A motorhome is a significant financial commitment. Hence, whether you buy a new or used model, you want to know that will be suitable for those all-important holidays for many years to come.
A warranty will cover the cost of repairs to your vehicle if a problem arises – but read the terms and conditions carefully!
It’s also a guarantee: if your motorhome is still covered by the manufacturer’s warranty, you can expect it to be in good shape. Yet, there are lots of different types of warranties available, resulting in many owners believing their Motorhome is insured for all repairs, only to be disappointed when their claim is denied.
So, what warranties are you going to be given? What is included and what is not? What is the protocol for making a warranty claim? And how are they different from Motorhome insurance?
Read on for the WSG complete guide to motorhome warranties.
Most motorhomes are basic vehicles that have been transformed into a home-on-wheels by an authorised manufacturer. When you buy a new motorhome, you get two warranties: one from the manufacturer and one from the converter.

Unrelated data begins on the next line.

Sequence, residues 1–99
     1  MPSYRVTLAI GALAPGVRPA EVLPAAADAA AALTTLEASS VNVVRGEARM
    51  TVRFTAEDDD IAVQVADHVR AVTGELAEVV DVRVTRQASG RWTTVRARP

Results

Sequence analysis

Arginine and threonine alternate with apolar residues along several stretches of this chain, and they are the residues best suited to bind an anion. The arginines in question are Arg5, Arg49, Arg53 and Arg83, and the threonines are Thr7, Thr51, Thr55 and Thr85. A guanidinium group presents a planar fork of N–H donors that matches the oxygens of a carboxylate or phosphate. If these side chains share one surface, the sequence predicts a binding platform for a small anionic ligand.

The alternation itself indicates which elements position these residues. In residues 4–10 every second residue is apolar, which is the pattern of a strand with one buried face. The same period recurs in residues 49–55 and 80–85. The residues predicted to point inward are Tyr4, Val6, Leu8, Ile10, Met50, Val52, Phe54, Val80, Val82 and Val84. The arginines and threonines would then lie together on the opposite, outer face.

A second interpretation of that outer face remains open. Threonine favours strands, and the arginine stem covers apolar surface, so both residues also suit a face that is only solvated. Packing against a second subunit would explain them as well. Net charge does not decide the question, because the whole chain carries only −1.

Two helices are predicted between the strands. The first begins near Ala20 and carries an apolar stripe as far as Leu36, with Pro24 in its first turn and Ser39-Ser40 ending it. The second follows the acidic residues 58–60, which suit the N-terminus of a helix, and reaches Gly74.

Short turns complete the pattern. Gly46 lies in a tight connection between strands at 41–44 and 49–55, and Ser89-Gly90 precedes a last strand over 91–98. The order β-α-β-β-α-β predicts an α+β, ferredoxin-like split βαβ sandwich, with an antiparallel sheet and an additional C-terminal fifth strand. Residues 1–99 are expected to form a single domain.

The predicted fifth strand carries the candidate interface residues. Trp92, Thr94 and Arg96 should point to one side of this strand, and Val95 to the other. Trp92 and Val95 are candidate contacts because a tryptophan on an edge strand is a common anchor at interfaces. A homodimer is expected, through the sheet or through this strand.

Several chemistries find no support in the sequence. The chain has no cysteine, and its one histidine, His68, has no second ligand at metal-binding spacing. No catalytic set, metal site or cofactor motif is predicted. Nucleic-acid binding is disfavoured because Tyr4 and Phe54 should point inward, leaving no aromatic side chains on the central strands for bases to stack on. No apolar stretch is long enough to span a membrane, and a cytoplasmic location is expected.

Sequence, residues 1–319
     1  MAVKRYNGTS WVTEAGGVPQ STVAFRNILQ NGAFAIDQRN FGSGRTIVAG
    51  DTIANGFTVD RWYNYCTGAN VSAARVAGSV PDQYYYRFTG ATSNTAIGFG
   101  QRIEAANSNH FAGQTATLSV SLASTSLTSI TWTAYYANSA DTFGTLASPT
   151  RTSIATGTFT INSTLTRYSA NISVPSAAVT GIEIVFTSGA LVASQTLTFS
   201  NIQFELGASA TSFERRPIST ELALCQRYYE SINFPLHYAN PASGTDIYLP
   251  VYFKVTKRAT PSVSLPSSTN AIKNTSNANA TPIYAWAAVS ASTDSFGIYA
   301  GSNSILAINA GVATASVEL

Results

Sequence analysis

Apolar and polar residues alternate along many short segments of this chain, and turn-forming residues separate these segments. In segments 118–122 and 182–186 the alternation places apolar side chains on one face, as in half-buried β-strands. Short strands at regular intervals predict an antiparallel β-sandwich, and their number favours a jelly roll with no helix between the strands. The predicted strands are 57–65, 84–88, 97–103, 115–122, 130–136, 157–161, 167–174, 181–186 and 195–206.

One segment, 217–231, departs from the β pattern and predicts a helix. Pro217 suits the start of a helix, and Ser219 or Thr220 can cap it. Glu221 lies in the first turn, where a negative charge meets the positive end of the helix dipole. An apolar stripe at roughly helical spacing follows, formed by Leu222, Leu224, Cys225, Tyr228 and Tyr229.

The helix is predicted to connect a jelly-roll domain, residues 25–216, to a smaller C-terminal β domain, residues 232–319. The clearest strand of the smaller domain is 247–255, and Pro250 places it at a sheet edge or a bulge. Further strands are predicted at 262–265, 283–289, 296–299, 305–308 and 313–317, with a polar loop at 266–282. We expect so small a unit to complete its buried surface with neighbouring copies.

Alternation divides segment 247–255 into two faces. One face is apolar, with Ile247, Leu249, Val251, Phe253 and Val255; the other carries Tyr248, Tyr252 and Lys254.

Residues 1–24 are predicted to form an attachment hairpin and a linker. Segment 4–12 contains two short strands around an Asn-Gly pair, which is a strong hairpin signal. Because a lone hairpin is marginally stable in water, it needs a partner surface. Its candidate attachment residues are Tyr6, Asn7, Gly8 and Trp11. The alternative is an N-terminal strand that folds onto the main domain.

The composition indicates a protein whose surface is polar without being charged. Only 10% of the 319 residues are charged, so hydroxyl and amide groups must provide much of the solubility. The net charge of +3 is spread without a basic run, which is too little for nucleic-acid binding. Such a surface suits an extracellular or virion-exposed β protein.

The manufacturer’s warranty is the most comprehensive, covering the vehicle’s mechanics and electronics, including the engine and transmission, fuel and ignition system, gearbox, steering and suspension, clutch and brakes, and so on.
Often, roadside assistance is included just in case your new vehicle breaks down.
In summary, this sort of warranty covers the expenses of fixing almost everything that the manufacturer claims should not require repair within the stated time frame if the vehicle has been regularly serviced.
It is likely that ‘consumables’ will be excluded. Essentially, this is everything that would ordinarily need to be replaced after a given length of use, such as wiper blades, tyres, and brake pads.
‘Diagnostics’ are another common omission. So, if you suspect a problem with your car, you’ll have to pay for it to be diagnosed by a specialist. Only necessary repairs will be covered by the manufacturer.
The warranty period varies based on where the motorhome was produced. If it is in the United Kingdom, it is likely to last for three years, but if the donor vehicle was made in Europe, it is probably going to be two years. So make sure you check before you buy a vehicle.
Also, keep in mind that this term may begin when the base was created, and it may already be a year old by the time you acquire your RV.